Nastiest Show on Earth
Most circuses, including Ringling Bros. Greatest Show on Earth, claim that they treat elephants and all animals in the circus in a humane and loving way. On the Ringling Bros. website they explain the care of the animals as, “the animal care professionals at Ringling Bros. and Barnum & Bailey® believe that a positive, healthy environment is the only acceptable and successful method of working with animals” (Ringling Bros. 2015). They claim the only way to get the animals to perform successfully is to allow them time spent with their mother and reward them with positive phrases as they train. “Trainers teach animals routines that showcase their physical abilities and beauty, as well as their distinctive behaviors. Our training methods are based on reinforcement in the form of food rewards and words of praise” (Ringling Bros. 2015). They are very clear when they explain that each of the animals in the circus are thoroughly cared for and not abused in any way. When the circus trainers teach they young calves the routines they are “tailored to each animal’s natural abilities and individual preferences which we observe during their playtime” (Ringling Bros. 2015). Basically, Ringling Bros. is claiming that each of the elephants routines are only enforcing their acts that they would normally perform in the wild as well.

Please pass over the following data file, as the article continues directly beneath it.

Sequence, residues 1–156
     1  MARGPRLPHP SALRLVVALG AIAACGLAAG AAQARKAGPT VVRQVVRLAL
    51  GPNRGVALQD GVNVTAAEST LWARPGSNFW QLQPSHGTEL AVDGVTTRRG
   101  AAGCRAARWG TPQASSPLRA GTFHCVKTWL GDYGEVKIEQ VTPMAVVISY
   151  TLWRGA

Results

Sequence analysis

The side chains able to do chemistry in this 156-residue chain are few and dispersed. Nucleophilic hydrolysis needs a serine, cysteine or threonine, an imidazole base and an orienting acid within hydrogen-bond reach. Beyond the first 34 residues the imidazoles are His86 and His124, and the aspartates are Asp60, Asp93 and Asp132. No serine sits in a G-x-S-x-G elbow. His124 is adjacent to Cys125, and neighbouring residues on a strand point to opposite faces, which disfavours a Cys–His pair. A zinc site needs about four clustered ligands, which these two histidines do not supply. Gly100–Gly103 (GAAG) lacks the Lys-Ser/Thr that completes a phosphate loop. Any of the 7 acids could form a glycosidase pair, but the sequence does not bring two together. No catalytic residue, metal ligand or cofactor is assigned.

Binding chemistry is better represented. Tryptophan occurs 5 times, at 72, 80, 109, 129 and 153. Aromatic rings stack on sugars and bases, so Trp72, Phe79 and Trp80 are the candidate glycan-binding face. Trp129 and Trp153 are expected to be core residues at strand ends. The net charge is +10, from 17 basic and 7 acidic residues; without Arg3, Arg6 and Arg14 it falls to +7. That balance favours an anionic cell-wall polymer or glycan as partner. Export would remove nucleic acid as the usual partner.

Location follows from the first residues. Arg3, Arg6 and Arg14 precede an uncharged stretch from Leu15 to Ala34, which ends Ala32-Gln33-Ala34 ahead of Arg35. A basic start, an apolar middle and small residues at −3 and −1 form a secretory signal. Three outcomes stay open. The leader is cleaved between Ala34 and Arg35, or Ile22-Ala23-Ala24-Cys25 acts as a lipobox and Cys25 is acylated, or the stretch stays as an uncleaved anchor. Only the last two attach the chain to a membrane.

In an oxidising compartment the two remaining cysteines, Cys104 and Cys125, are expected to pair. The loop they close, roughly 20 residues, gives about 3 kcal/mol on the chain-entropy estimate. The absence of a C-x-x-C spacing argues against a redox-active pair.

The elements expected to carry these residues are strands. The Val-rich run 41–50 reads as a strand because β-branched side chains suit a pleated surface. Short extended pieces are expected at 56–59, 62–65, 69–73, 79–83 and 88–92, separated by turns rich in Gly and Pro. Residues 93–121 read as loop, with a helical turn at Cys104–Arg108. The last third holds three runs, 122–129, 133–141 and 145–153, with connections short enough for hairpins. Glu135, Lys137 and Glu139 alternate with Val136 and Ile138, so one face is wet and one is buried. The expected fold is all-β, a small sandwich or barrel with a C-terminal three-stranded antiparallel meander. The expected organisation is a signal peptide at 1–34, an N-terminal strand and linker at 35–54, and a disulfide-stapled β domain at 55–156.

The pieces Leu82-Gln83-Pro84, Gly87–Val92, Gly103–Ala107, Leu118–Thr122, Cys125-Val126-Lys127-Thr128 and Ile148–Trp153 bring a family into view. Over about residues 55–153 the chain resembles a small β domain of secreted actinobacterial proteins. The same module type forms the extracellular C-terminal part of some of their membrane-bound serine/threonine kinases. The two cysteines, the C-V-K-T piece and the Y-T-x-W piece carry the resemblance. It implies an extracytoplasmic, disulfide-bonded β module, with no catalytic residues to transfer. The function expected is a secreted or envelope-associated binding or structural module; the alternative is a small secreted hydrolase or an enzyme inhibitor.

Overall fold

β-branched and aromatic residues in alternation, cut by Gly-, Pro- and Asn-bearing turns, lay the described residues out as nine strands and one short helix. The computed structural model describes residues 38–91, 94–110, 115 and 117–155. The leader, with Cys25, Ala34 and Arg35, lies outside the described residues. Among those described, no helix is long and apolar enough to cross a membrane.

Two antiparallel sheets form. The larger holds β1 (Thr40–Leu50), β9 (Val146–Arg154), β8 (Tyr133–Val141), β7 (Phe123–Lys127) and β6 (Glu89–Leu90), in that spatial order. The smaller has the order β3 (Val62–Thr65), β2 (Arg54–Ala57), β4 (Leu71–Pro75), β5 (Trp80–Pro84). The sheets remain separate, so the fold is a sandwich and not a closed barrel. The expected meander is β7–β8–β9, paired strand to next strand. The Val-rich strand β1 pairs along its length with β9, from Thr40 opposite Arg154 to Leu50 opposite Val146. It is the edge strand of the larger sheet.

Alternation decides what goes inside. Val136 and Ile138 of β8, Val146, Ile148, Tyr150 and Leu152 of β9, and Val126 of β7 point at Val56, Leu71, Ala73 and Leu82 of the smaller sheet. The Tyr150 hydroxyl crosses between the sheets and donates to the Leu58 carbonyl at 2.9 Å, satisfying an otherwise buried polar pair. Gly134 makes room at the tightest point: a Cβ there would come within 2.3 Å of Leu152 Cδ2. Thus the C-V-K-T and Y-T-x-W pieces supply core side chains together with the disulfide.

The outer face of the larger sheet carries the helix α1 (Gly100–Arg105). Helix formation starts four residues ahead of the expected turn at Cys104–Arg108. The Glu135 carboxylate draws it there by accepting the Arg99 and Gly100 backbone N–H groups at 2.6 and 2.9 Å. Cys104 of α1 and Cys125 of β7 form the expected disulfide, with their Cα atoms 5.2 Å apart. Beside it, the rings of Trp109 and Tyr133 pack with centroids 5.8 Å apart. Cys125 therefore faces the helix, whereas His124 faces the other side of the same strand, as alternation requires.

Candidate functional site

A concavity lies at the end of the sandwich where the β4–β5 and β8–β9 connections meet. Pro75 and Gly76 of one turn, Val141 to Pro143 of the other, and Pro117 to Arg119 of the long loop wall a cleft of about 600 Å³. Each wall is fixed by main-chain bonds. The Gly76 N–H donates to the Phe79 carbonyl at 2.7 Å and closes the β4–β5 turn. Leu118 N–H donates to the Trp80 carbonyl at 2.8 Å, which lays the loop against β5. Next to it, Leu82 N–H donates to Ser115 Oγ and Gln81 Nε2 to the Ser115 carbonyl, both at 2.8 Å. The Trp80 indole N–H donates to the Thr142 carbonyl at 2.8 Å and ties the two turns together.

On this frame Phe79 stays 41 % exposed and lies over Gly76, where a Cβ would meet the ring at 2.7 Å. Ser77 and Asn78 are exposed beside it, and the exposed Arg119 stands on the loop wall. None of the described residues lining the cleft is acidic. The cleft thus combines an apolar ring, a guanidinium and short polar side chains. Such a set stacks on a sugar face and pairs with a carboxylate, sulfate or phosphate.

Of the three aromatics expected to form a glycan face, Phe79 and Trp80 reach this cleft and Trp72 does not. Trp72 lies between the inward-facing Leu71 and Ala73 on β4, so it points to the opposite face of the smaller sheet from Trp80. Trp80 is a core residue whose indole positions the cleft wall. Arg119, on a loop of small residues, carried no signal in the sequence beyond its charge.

If elephants are treated like family and only trained through humane tactics why do they not allow fans to watch the training process? This would surely be much more entertaining for viewers than watching elephants stand on one leg. There has to be something circuses are hiding from the public. Ringling Bros. makes a strong case that positive phrases and treats may successfully train some animals like dogs, or cats. Elephants on the other hand are wild animals that are meant to roam up to thirty miles a day and be close with their family of elephants. Some elephants that perform in the circus can weigh up to 7,000 pounds and usually tower over any trainer trying to dominate the animal. When circus handlers attempt to train animals of that immense size solely positive phrases and treats simply just do not cut it. Elephant trainers are constantly being accused of abusing the elephants by bounding their legs with chains and using bullhooks to get the elephants to cooperate. This makes more sense because to get the elephant to follow the routine they must be abused because of their immense size and nature. “The wild animals fare the worst, and elephants top the list in the inherent cruelty that circus animals experience, simply because their size makes transport and housing so confining and unnatural for them. Their training protocols are geared to ensure that the public will never see the underlying abuse, and therefore circus owners remain assured of their wide profit margin after each city stopover” (Humane Review 2012). It is inevitable for circuses to train elephants in harsh ways due to their size, this is the reason that elephants need to be kept out of shows.